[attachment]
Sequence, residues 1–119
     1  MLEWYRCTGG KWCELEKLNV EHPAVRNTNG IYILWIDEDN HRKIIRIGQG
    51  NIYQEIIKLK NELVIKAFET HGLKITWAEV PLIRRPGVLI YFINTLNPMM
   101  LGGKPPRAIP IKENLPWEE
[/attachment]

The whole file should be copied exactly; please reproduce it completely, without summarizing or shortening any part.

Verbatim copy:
Sequence, residues 1–119
     1  MLEWYRCTGG KWCELEKLNV EHPAVRNTNG IYILWIDEDN HRKIIRIGQG
    51  NIYQEIIKLK NELVIKAFET HGLKITWAEV PLIRRPGVLI YFINTLNPMM
   101  LGGKPPRAIP IKENLPWEE